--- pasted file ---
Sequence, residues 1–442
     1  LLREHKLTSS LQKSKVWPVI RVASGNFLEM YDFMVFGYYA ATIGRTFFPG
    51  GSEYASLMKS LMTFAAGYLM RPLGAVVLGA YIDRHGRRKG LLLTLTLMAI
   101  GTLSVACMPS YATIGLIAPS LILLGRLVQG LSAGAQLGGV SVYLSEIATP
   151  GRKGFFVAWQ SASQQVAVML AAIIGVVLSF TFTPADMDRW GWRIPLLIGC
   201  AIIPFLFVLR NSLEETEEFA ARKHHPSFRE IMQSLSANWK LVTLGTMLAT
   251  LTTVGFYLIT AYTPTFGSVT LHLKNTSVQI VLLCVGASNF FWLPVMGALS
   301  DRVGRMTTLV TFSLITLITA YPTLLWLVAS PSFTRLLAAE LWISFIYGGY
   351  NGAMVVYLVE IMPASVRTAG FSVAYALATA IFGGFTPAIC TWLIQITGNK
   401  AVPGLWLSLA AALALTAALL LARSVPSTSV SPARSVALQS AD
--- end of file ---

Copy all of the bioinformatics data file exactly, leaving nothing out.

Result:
Sequence, residues 1–442
     1  LLREHKLTSS LQKSKVWPVI RVASGNFLEM YDFMVFGYYA ATIGRTFFPG
    51  GSEYASLMKS LMTFAAGYLM RPLGAVVLGA YIDRHGRRKG LLLTLTLMAI
   101  GTLSVACMPS YATIGLIAPS LILLGRLVQG LSAGAQLGGV SVYLSEIATP
   151  GRKGFFVAWQ SASQQVAVML AAIIGVVLSF TFTPADMDRW GWRIPLLIGC
   201  AIIPFLFVLR NSLEETEEFA ARKHHPSFRE IMQSLSANWK LVTLGTMLAT
   251  LTTVGFYLIT AYTPTFGSVT LHLKNTSVQI VLLCVGASNF FWLPVMGALS
   301  DRVGRMTTLV TFSLITLITA YPTLLWLVAS PSFTRLLAAE LWISFIYGGY
   351  NGAMVVYLVE IMPASVRTAG FSVAYALATA IFGGFTPAIC TWLIQITGNK
   401  AVPGLWLSLA AALALTAALL LARSVPSTSV SPARSVALQS AD